The change in outlook reflects improvements in Oman's debt burden and debt affordability metrics during 2022 and the likelihood that the trend could be sustained in the medium term, Moody’s said in a report on Friday.
“Balance sheet repair that has already taken place this year restores the fiscal space that the sovereign had lost during 2020,” Moody’s said.
The prospect that oil prices will stay elevated for the next few years, affords the government of Oman additional time to continue working on its fiscal and economic reform agenda, according to the agency.
This will increase the likelihood that Oman's “structural vulnerability to cyclical declines in oil prices and its exposure to longer-term global carbon transition risks will be reduced”, it said.
Oman’s economic recovery is gaining traction, supported by a revival of the hydrocarbon sector and the relaxation of Covid-19 restrictions, the International Monetary Fund said this week.
The economy is set to expand 4.3 per cent in 2022, supported by continued recovery of non-hydrocarbon economic activity, according to the fund.
The sultanate’s gross domestic product growth rebounded to 3 per cent last year, after a 3.2 per cent contraction in 2020.
Although Moody's expects oil prices to remain volatile and eventually decline, it estimates crude prices to remain elevated for the next two years.
A surge in oil prices since 2020 has already generated a large revenue windfall for Oman, turning its fiscal deficit of 9.6 per cent of GDP during the 2014-2021 period into a material surplus.
Based on the assumption that oil prices average $105 per barrel this year, Moody's estimates that Oman's full-year fiscal surplus will be close to 6 per cent of GDP. This will help the government boost its balance sheet.
The government has already used some of the revenue windfall, in addition to its fiscal reserves accumulated in the Petroleum Reserve Fund, to pay down outstanding debt, reducing the nominal level by $6.5 billion, which equates to 7.5 per cent of its 2021 GDP, Moody’s said.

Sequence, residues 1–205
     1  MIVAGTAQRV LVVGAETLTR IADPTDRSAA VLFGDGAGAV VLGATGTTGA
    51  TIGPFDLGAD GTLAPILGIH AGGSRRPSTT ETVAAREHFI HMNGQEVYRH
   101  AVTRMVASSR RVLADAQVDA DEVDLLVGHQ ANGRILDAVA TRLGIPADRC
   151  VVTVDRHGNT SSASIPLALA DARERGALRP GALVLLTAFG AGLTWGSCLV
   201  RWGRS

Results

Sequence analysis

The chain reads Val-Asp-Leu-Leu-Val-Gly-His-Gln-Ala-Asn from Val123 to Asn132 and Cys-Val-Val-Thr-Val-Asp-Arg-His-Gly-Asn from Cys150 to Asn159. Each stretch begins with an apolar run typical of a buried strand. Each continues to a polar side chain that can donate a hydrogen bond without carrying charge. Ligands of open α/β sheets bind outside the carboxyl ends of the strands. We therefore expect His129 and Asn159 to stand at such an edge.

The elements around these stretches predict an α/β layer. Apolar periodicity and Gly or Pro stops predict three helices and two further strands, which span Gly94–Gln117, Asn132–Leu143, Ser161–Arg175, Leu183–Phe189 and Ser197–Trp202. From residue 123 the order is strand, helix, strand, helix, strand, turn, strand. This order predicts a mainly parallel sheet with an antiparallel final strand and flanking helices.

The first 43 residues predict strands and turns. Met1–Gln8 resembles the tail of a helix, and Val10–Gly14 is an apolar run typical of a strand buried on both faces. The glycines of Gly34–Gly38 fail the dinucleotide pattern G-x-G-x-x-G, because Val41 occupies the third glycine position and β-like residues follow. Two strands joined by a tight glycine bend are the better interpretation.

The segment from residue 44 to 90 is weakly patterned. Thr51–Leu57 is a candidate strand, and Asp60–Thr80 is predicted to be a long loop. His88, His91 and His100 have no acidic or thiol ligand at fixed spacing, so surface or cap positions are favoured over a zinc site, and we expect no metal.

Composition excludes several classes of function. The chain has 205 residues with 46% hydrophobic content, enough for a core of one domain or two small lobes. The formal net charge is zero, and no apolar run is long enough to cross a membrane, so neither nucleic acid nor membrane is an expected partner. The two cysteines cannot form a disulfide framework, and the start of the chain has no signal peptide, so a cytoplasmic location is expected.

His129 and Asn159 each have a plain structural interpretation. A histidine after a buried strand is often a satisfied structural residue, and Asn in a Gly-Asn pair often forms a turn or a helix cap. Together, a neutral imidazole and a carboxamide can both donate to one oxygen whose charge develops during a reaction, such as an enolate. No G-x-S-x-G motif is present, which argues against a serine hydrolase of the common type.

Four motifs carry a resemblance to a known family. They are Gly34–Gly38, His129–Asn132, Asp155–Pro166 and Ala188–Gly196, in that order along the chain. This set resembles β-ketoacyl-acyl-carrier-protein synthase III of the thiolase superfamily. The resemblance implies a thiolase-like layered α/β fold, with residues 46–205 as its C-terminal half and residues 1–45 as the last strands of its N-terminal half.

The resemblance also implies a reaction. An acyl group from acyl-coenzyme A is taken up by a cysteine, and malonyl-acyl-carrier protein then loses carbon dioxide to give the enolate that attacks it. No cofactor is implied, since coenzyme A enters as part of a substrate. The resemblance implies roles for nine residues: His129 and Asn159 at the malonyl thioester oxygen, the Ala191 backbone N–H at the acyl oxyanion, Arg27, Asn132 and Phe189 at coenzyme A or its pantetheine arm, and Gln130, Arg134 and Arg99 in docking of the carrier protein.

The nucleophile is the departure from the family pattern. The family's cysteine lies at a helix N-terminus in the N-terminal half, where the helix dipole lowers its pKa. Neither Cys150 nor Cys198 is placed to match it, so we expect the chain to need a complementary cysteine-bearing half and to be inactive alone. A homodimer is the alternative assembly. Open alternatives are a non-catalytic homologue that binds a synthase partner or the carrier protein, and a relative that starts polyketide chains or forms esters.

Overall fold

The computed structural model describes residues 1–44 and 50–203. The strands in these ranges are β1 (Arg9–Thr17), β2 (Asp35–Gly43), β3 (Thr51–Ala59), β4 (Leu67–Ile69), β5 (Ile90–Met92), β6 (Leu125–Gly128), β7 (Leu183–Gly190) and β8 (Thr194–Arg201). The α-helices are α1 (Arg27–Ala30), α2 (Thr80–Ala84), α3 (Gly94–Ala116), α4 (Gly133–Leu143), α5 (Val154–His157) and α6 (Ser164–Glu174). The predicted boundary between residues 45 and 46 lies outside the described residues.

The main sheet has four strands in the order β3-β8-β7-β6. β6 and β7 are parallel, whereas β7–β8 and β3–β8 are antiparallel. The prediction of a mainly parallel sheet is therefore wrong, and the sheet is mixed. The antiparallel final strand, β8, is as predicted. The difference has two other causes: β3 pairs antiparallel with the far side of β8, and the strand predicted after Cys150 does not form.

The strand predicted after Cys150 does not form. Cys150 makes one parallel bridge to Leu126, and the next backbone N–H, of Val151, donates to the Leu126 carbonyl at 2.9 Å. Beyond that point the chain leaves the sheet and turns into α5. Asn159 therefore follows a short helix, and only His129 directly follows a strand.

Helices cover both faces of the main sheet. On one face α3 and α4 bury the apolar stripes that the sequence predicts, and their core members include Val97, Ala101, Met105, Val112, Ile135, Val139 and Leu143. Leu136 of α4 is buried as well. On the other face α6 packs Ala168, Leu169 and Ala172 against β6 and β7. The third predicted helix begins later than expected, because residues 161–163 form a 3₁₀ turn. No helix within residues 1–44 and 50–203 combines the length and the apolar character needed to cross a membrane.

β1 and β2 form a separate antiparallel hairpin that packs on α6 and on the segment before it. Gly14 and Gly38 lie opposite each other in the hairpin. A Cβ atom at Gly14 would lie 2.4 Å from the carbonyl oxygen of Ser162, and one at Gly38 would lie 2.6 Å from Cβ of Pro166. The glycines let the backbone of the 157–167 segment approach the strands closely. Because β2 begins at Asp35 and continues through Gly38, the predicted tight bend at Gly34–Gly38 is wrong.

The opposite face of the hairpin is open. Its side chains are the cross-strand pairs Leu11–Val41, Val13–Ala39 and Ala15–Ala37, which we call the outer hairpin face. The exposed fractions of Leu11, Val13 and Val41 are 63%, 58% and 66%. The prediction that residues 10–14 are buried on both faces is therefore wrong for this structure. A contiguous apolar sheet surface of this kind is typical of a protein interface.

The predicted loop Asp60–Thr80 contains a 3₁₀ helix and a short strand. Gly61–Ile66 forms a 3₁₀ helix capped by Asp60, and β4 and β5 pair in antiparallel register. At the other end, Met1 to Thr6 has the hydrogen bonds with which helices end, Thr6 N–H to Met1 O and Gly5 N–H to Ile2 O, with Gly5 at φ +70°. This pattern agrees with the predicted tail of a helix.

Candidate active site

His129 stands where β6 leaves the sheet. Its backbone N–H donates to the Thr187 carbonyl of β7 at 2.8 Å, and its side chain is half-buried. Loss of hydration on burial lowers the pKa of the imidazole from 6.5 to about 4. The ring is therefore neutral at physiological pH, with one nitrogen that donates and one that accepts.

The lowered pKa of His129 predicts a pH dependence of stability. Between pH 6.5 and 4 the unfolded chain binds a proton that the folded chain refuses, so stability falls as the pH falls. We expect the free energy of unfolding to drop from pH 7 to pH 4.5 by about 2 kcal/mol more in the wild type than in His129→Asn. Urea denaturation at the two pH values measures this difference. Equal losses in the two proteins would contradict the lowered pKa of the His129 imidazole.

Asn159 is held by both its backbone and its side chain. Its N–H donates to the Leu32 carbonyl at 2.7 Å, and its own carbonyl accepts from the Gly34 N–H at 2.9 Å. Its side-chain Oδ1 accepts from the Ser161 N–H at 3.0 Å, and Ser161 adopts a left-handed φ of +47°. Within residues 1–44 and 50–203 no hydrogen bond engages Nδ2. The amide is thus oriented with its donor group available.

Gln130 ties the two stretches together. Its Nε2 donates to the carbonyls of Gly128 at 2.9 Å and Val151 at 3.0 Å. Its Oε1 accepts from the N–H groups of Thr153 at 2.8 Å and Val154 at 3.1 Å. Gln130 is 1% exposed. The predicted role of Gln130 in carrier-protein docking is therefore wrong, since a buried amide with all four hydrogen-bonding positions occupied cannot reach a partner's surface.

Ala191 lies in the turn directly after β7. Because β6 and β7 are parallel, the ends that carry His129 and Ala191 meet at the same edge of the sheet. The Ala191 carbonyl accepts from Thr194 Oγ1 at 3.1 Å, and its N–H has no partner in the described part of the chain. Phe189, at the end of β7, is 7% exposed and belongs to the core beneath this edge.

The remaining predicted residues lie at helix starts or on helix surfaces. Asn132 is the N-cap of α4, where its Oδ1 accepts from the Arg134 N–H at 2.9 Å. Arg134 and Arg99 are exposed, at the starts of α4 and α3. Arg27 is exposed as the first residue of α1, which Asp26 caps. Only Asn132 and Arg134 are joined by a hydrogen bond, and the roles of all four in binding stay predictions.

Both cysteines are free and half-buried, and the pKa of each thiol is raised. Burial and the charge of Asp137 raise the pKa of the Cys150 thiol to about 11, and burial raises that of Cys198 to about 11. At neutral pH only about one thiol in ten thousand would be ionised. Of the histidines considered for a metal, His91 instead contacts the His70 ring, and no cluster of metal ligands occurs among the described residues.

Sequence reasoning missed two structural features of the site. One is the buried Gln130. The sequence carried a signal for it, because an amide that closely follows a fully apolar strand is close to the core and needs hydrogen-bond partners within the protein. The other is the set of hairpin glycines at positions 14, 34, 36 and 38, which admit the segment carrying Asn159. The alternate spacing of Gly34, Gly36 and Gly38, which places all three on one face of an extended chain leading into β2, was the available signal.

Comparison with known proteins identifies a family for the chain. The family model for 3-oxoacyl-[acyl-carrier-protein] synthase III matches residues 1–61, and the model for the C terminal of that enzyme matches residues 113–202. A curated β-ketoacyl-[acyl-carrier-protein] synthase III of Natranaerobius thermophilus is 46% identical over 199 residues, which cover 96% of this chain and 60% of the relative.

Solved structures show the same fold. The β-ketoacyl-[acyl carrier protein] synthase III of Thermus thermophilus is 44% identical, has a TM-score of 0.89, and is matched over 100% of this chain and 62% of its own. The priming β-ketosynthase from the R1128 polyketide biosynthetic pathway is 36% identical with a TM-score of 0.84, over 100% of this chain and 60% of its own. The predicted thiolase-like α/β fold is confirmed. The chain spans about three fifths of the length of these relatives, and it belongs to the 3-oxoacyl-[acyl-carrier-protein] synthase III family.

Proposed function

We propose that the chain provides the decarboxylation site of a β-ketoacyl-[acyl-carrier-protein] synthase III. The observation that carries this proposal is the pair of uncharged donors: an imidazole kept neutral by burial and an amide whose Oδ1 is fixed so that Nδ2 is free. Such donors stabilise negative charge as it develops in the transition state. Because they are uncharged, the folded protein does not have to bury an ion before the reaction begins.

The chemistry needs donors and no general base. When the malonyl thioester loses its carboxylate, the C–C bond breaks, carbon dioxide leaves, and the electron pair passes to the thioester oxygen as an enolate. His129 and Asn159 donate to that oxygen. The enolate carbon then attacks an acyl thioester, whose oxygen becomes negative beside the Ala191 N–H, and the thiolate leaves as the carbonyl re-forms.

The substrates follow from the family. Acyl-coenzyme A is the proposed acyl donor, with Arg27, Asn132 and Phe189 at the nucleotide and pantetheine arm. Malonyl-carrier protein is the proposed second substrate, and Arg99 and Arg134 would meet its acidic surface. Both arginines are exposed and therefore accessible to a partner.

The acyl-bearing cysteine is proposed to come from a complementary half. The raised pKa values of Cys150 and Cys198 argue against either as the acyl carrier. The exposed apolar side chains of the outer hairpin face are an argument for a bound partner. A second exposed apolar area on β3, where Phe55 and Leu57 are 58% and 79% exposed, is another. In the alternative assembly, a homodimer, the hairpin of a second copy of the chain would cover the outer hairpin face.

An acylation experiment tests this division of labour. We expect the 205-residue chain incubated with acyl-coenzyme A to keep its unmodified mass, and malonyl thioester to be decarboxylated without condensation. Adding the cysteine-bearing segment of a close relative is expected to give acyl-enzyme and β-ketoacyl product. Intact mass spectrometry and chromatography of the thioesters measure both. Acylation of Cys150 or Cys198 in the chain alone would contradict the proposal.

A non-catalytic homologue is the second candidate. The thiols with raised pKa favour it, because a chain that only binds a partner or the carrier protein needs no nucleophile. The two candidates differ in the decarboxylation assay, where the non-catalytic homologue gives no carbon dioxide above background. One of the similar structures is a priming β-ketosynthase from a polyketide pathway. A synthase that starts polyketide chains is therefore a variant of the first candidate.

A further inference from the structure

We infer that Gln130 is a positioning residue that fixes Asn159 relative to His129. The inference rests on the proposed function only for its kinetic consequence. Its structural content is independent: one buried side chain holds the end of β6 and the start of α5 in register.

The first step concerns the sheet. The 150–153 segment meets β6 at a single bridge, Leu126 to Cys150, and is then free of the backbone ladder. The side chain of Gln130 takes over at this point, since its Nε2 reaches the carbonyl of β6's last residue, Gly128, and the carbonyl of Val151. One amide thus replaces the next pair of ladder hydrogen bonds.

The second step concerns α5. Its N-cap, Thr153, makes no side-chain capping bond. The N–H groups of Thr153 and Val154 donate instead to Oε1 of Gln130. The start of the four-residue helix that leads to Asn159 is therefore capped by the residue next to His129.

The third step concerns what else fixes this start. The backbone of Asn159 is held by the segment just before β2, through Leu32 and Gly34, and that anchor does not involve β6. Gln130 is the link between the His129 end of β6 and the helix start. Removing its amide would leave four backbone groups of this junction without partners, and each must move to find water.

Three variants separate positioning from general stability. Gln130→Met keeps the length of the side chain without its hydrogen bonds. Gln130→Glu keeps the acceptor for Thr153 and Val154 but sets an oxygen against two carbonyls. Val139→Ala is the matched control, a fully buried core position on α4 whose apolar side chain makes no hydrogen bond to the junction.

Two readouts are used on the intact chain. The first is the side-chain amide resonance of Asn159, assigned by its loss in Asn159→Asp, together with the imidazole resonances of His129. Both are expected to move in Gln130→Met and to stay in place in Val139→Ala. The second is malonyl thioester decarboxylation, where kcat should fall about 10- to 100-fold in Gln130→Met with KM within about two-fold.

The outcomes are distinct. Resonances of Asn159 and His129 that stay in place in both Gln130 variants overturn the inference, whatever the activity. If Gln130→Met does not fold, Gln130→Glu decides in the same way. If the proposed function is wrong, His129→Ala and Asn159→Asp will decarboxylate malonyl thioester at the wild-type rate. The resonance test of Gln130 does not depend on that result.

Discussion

This net debt reduction balances $4.5bn of new borrowing in 2022 to repay $9.3bn of loans and bonds maturing this year and the pre-payment of $1.7bn of debt maturing in 2023 or later, it said.
“Based on the expectation of no further net borrowing later this year, consistent with the projected fiscal surplus and no significant debt maturities, Moody's forecasts that Oman's government debt will decline to less than 45 per cent of GDP — 119 per cent of revenue — by the end of the year from 63 per cent of GDP in 2021,” the ratings agency said.
This reduction in the debt burden is below the level at the end of 2019, when it stood at 52 per cent of its GDP, “more than fully reversing Oman's loss of fiscal space sustained during 2020 and increasing the sovereign's resilience ahead of the potential next oil price shock”, Moody's said.
Oman has also increasingly focused on expanding its non-oil economic base during the past few years to cut its dependence on hydrocarbons.
The country, which recorded a budget surplus of 784 million rials ($2bn) in the first half of this year on a more than 54 per cent jump in revenue to 6.72bn rials, aims to bring in more than 9bn rials a year from tourism by 2040, according to government data released in August.
The hydrocarbon sector will account for more than 40 per cent of nominal GDP in 2022, more than 80 per cent of government revenue — equivalent to about 31 per cent of GDP — and 66 per cent of total exports of goods and services, Moody’s said.